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Experts deliberate the role of digitisation in healthcare delivery ecosystem, Health News, ET HealthWorld


New Delhi: The healthcare industry has transformed significantly throughout the years and much of that change owes to technological advancements. To meet the nation’s demand for healthcare, digitisation has faced its own set of challenges especially in its adoption. At this juncture, the second edition of the Economic Times Healthcare Leaders Summit 2022 organised by ETHealthworld, held a panel discussion on the need for more digital healthcare solutions and its implementation for an effective healthcare delivery ecosystem.

The healthcare summit hosted a Tech Leaders Session on ‘Digital Health: Role of Tech & AI Leaders’. The discussion highlighted the challenges and opportunities in the transformation of healthcare and protecting patient privacy and data protection in the era of digital health. The panellists were the eminent CIOs to discuss their role in building the digital healthcare ecosystem, Sunil Kumar Bhushan, Deputy Director General, NIC; Dr Sushil K Meher, CIO, AIIMS Delhi; Vishal Gupta, Group CIO, Lifecare Hospitals & Bliss Medical Centres; Praveen Bist, CIO, Amrita Hospital, along with the moderator Rajiv Sikka, CIO, Medanta – The Medicity.

Sikka started the discussion with the question to Bhushan on the context of artificial intelligence (AI) in healthcare. Explaining from the governmental perspective and how NIC used AI in public health, Bhushan shared, “There was a problem of shortage of radiologists in Karnataka, so we came up with a product called eCollabDDS, a tele-radiology solution. They upload X-rays and diagnostic reports are prepared by radiologists at the district or state level. About 10,000 cases were evaluated using the software.”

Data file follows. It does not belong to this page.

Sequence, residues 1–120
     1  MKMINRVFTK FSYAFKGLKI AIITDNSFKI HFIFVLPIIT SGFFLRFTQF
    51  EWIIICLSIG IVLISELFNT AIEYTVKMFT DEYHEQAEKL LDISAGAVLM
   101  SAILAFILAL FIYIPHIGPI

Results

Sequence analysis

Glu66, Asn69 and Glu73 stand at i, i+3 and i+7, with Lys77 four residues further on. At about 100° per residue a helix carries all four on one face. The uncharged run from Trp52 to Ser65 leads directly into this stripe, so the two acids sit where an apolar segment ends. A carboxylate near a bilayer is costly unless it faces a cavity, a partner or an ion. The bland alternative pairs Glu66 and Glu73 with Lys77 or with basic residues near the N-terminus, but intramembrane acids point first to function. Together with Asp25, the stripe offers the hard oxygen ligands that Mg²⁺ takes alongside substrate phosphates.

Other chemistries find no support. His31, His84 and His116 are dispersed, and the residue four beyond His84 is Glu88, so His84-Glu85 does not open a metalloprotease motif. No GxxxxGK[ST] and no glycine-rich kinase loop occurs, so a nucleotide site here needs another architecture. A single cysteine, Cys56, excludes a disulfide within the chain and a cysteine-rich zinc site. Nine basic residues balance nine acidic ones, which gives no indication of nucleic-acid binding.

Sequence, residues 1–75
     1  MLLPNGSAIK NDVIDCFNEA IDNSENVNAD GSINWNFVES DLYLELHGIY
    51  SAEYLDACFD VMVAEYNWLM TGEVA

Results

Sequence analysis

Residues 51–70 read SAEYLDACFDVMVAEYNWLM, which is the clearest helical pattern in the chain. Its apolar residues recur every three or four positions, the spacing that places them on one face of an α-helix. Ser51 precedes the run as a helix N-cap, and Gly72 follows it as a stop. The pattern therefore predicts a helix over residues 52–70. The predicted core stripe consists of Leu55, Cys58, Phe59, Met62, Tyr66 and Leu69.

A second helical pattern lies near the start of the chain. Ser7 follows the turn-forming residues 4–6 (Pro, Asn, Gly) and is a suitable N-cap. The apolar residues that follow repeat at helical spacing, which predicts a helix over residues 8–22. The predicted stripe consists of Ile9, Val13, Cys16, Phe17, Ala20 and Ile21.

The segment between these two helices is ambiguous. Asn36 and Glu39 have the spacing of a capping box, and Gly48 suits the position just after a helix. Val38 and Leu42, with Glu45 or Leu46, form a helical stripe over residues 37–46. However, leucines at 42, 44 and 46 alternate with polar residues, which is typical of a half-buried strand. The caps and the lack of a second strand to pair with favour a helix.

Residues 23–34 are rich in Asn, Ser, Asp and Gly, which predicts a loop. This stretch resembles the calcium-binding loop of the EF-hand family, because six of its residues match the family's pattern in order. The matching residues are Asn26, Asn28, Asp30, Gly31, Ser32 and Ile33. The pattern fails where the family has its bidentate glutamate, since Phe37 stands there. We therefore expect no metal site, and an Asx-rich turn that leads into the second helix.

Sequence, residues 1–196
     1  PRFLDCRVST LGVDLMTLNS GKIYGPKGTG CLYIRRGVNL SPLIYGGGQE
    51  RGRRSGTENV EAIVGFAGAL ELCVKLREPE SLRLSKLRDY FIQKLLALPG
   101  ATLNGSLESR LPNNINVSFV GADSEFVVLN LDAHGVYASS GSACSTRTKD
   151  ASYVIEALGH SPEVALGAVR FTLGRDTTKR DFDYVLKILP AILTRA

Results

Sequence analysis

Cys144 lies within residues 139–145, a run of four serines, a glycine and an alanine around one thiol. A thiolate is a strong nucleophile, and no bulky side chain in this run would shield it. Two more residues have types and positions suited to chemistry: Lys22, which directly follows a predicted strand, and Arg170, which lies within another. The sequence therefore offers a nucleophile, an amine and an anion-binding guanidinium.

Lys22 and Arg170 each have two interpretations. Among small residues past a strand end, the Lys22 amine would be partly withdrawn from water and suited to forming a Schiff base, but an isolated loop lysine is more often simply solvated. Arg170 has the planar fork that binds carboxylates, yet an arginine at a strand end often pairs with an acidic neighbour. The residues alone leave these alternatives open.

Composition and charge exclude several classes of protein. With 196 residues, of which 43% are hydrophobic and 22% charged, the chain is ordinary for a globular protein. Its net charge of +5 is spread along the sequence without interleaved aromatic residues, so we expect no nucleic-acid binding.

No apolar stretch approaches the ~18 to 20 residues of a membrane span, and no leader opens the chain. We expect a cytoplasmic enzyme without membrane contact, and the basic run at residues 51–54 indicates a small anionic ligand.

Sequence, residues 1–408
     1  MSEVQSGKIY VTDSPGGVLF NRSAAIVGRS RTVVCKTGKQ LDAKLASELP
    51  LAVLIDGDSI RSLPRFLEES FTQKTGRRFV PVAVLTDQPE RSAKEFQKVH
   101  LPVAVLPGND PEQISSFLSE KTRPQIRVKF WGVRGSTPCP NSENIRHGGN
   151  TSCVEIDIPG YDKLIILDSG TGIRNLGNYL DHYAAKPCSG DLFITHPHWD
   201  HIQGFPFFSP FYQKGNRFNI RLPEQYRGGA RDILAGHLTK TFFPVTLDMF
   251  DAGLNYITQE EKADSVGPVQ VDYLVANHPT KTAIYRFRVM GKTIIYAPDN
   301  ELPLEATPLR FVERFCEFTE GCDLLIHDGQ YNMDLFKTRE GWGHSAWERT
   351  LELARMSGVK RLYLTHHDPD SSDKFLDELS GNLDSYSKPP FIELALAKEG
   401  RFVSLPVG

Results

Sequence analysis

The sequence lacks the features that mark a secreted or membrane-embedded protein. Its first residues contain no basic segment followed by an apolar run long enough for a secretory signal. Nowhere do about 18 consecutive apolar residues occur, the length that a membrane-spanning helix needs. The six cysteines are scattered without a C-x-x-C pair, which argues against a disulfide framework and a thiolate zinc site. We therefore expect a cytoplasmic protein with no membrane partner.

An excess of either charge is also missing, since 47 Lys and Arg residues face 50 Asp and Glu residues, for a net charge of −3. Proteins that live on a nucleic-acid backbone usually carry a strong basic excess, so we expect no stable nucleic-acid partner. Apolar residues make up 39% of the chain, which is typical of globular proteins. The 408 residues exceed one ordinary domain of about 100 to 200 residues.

He informed there are other AI models coming up where AI in public health will help in diagnoses. The model that helped improve the shortage of radiologists in Karnataka will be replicated across the country.

Although there is no doubt in the capabilities of AI in the healthcare domain, it still seems to face challenges in acceptance. Highlighting on this, Gupta said, “AI is defined as a system that can perform tasks where human intelligence and human intervention is required. This creates a perception in healthcare professionals and that becomes a challenge. We need to understand that AI is a technology which is going to augment the healthcare professionals, not replace them.”

Another challenge according to him is the EMR data. “If we do not have any meaningful EMR data, or if we do not have a good amount of adoption of the EMR data, then we are not going to use the good AI adoption in the country. And unfortunately, India as a country is still in very poor numbers in terms of the EMR adoption,” he added.

In healthcare, there is a concept of zero tolerance. Elucidating on the major risks in adoption of AI in the healthcare sector, Bist informed, “Healthcare sector cannot afford any miss diagnosis. Any tool/software can potentially have a bug or error, and this is the first deterrent in AI adoption.” Additionally, AI on its own cannot treat a patient, it can assist. There are concerns regarding the patient data privacy as well and there is a need to have strong guidelines, policies around it.

Sharing the governmental perspective, Dr Meher informed, “Government was not serious on digitisation of healthcare in the 90s. Each medical record had to be of standard, uniform, universally acceptable and meaningful. In 2016, EMR standard was modified with security, confidentiality etc. but the challenge was its acceptance. Then the government started the Ayushman Bharat Digital Mission (ABDM). If the health record is placed in one place it can be meaningful so ABDM has come up and is playing a major role. People have started to think of the need for a single medical record in the country.” He emphasised on the success of ABDM and encouraged those who do not have any health ID, to make one free of cost.

Leading the discussion on ABDM, Sikka questioned the sudden growth of technology in healthcare in India. Bhushan informed that there are five building blocks of ABDM, which are ABHA ID, Health Facility ID, Professional ID, Consent Management and Unified Health Interface.

Adding to this, Sikka said, “ABDM is going to bring doctor portability and hospital portability which is part of accessibility.”

Commenting on the role of technology in affordability in the healthcare delivery ecosystem, Gupta said, “The tools like AI doctors, chatbots, telehealth are few which are going to reduce the burden of traditional healthcare delivery ecosystem. eSanjeevni, largest telehealth platform, is the best example, where almost 11,000 consultations are happening free of cost.”

Sikka concluded the discussion on the note that in order to scale, technology is the only solution. “We have a serious shortage of healthcare workers and technology can play a vital role,” he added.





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